Caloric restriction without malnutrition–heard of it? Caloric restriction with optimal nutrition (CRON) or the Longevity Diet–these are all terms for the practice of reducing calories over the long-haul, and some studies have shown it to be beneficial in terms of aging and longevity. The practice has been shown to improve age-related health and to slow the aging process in a wide range of animals and some fungi. Pretty cool, huh?
While still inconclusive as to whether long-term caloric restriction can do the same for humans, results so far have been promising. Take a recent study, for example, that has shown caloric restriction improved heart function in obese people with type 2 diabetes. The study analyzed the heart function and pericardial fat (too much can harm the heart) of fifteen obese people with type 2 diabetes before and four months after they started consuming a 500-calorie-per-day diet.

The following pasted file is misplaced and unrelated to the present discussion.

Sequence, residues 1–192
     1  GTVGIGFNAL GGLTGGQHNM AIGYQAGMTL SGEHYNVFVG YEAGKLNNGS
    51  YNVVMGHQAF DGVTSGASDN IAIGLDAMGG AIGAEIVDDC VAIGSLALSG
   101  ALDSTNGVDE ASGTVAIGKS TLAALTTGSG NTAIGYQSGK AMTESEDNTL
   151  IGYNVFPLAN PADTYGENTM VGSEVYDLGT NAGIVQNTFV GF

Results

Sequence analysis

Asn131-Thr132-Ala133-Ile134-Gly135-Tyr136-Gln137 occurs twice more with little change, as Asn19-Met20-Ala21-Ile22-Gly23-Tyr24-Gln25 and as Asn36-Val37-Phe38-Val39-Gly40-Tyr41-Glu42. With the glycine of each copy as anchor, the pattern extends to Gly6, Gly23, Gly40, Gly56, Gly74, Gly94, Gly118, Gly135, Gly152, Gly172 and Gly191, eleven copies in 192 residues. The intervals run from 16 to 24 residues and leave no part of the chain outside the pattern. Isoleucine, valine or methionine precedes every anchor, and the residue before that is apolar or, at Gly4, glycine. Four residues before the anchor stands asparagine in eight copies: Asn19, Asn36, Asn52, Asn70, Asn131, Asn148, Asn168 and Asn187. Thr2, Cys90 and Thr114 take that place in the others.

|Age matched monkey (right) on caloric restriction|
Four months after the participants began the low-calorie diet, average BMI fell from 35.3 to 27.5 (statistical obesity begins at a BMI of 30), and pericardial fat decreased from 39 milliliters (ml) to 31 ml. And diastolic heart function also improved, which is a key measure in preventing congestive heart failure (CHF).
“Our results show that 16 weeks of caloric restriction improved heart function in these patients. More importantly, despite regain of weight, these beneficial cardiovascular effects were persistent over the long term.”